• Funny notes: Be silly! Write a note from the perspective of a pet or throw in some jokes. You can Google “jokes for kids” or something similar and you’ll have plenty of to choose from. Warning: the word “hilarious” is subjective. Here’s one site I found that had some good ones.

2. Play games with written instructions. 

Reading instructions is a great way to practice reading comprehension. If your reader enjoys playing games, ask them to set one up and explain how to play while you get ready. Try not to make it obvious, though. For game ideas, check out what Discovery Toys has to offer. These are a couple of my favorites!

Discovery Toys games

3. Read aloud to your kids. 

You don’t need to stop reading to your kids just because they can read themselves. Reading aloud in another way to show your kids that reading is a good experience and can be a moment to connect. It also allows them to hear stories (and vocabulary) that may be beyond their reading level. This article from greatschools.org has some great insight into why reading aloud is so important.

4. Play word games.

Word games can help build vocabulary and word recognition. Both make more confident readers. Early readers will enjoy games like Letter Pix, where you race to spell 3, 4 and 5 letter words. Older kids can use games like Wiz Kidz to build vocabulary. Any activity that creates a fun experience using words is going to strengthen your child’s language development (written and oral).

5. Give them books that match their interests.

Just like with Micah, finding books that your reader will connect with is the key. My sophomore English teacher may disagree, but I would argue that reading “the classics” is unnecessary if you’re talking to someone who hates reading. Connecting with what you’re reading is so much more important, especially to start. Finding a topic and writing style that your child will enjoy will make a world of difference.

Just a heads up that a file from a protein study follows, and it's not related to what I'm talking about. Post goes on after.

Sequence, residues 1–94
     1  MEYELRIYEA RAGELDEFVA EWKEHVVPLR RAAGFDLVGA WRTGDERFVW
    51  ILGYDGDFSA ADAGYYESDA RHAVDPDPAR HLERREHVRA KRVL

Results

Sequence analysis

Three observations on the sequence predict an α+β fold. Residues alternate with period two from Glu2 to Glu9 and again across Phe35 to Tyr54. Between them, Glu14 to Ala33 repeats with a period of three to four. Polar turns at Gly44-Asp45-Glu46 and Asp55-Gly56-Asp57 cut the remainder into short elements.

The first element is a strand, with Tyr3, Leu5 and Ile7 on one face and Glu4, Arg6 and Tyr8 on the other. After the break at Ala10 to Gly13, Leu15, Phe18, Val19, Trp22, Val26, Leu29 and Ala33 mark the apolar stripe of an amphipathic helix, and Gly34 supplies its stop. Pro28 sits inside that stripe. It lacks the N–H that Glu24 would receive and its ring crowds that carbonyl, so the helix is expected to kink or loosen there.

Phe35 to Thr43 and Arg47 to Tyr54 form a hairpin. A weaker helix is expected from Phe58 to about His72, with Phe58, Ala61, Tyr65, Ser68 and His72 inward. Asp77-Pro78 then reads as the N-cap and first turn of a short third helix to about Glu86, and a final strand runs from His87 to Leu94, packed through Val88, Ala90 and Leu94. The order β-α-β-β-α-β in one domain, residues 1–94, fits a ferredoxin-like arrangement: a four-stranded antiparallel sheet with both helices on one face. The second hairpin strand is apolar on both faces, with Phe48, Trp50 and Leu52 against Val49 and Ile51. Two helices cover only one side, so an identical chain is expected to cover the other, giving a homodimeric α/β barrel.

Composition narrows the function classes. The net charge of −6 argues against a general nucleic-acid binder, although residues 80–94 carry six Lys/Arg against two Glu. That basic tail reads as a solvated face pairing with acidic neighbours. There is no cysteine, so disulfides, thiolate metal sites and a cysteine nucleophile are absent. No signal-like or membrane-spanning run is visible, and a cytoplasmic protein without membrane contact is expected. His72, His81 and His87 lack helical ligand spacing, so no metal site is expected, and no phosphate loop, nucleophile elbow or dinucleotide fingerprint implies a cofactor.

And don’t get too hung up on the type of book. Comic books and graphic novels count as reading! As your kids get more comfortable in the type of book they read, whether it’s fiction, non-fiction, comic books or anything else, they’ll branch out as they’re ready. Luckily for you, Usborne Books & More has a huge variety of books to choose from. If you’re stuck and looking for ideas, contact me! Let me know your child’s age, reading level and a general idea of what they enjoy. I’ll pick books that will match their interests and reading level for you!

UBAM books


The best way to get your kids interested in reading is to read yourself. Kids that grow up with books around them are better readers. And kids that see their parents enjoying reading are more likely to do it themselves. Take a load off and let them see you relaxing with a book. It’s a guilt-free way to take some time for yourself. Because, you know, ultimately it helps them!

Reading Fact: The number of books in home has a positive correlation to reading scores


Tell me, what do you do to encourage your kids to read?